Figure 3 shows a view inside our test car (left). At the top of the image we see the actual view through the windshield. A PilotNet monitor is at the bottom center displaying diagnostics. Figure 3 further shows a blowup of the PilotNet monitor (right). The top image is captured by the front-facing camera. The green rectangle outlines the section of the camera image that is fed to the neural network. The bottom image displays the salient regions. Note that PilotNet identifies the partially occluded construction vehicle on the right side of the road as a salient object. To the best of our knowledge, such a vehicle, particularly in the pose we see here, was never part of the PilotNet training data.
While the salient objects found by our method clearly appear to be ones that should influence steering, we conducted a series of experiments to validate that these objects actually do control the steering. To perform these tests, we segmented the input image that is presented to PilotNet into two classes.
Class 1 is meant to include all the regions that have a significant effect on the steering angle output by PilotNet. These regions include all the pixels that correspond to locations where the visualization mask is above a threshold. These regions are then dilated by 30 pixels to counteract the increasing span of the higher-level feature map layers with respect to the input image. The exact amount of dilation was determined empirically. The second class includes all pixels in the original image minus the pixels in Class 1.
If the objects found by our method indeed dominate control of the output steering angle, we would expect the following: if we create an image in which we uniformly translate only the pixels in Class 1 while maintaining the position of the pixels in Class 2 and use this new image as input to PilotNet, we would expect a significant change in the steering angle output. However, if we instead translate the pixels in Class 2 while keeping those in Class 1 fixed and feed this image into PilotNet, then we would expect minimal change in PilotNet’s output.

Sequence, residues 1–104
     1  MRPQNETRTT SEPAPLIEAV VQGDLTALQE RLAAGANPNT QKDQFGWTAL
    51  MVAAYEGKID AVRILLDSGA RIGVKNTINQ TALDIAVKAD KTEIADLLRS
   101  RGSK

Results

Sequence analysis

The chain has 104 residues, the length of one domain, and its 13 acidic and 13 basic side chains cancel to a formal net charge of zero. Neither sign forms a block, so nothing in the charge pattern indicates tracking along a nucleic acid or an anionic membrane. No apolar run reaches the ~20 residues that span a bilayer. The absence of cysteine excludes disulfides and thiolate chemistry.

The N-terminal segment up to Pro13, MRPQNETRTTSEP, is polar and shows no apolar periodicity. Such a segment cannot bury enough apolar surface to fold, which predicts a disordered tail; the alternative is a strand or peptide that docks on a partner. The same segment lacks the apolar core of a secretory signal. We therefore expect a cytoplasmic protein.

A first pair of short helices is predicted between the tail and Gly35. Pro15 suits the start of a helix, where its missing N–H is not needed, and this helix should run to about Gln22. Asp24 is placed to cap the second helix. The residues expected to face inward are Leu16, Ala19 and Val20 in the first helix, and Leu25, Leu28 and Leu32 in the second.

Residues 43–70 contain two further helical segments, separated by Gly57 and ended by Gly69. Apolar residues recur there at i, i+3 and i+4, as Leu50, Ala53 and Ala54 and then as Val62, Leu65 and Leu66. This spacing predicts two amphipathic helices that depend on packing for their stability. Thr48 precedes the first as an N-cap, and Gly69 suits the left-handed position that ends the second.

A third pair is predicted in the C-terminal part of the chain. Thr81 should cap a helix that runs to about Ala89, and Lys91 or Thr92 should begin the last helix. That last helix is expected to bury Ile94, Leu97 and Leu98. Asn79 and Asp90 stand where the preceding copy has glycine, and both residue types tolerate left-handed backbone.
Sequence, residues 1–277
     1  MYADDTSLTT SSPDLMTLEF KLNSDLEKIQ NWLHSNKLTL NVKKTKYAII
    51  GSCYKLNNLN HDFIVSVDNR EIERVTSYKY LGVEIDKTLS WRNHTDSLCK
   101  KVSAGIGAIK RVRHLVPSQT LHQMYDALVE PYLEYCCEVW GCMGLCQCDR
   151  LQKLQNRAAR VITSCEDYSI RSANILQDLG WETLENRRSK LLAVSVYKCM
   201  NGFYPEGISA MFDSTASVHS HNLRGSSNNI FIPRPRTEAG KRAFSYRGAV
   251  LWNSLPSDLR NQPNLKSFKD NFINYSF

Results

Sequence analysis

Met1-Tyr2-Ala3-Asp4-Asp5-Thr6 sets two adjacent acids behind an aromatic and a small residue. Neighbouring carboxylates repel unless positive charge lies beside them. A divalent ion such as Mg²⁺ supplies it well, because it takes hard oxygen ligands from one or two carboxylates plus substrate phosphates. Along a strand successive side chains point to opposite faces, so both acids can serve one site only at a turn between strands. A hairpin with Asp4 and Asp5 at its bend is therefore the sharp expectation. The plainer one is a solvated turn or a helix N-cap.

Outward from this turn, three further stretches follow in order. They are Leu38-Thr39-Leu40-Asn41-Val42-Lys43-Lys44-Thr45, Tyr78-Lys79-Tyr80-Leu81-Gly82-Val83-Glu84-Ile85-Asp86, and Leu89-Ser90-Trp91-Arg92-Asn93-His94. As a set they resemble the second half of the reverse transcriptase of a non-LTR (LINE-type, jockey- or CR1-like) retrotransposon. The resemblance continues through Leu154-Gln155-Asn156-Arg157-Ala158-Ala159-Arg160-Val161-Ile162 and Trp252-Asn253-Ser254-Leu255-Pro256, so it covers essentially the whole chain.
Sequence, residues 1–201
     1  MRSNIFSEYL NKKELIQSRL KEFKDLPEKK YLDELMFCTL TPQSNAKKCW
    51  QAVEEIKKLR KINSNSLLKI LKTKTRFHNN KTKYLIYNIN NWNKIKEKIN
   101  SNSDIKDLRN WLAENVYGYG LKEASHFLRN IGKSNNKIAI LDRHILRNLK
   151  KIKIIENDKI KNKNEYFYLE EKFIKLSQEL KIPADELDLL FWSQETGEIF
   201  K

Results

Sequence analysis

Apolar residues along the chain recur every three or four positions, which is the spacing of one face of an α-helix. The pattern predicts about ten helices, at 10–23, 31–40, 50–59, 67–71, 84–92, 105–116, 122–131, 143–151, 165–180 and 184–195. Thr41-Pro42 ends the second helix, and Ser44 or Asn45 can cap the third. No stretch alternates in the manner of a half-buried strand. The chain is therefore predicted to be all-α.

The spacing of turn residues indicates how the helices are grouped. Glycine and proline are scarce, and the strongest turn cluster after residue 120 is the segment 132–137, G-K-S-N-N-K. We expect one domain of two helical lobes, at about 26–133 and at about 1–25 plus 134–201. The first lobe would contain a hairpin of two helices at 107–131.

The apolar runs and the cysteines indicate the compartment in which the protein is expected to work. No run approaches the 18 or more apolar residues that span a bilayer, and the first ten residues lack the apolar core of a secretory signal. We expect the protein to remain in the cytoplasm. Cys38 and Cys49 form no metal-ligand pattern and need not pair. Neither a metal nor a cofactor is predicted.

Figure 4 illustrates the process described above. The top image shows a scene captured by our data collection car. The next image shows highlighted salient regions that were identified using the method described. The next image shows the salient regions dilated. The bottom image shows a test image in which the dilated salient objects are shifted. The above predictions are indeed born out by our experiments.
Figure 4. Images used in experiments to show the effect of image-shifts on steer angle.
Figure 5 shows plots of PilotNet steering output as a function of pixel shift in the input image. The blue line shows the results when we shift the pixels that include the salient objects (Class 1). The red line shows the results when we shift the pixels not included in the salient objects. The yellow line shows the result when we shift all the pixels in the input image.
These results substantially contribute to our understanding of what PilotNet Learns. Examination of the salient objects shows that PilotNet learns features that “make sense” to a human, while ignoring structures in the camera images that are not relevant to driving. This capability is derived from data without the need of hand-crafted rules. In fact, PilotNet learns to recognize subtle features which would be hard to anticipate and program by human engineers, such as bushes lining the edge of the road and atypical vehicle classes.
For full details please see the paper that this blog post is based on, and please contact us if you would like to learn more about NVIDIA’s autonomous vehicle platform!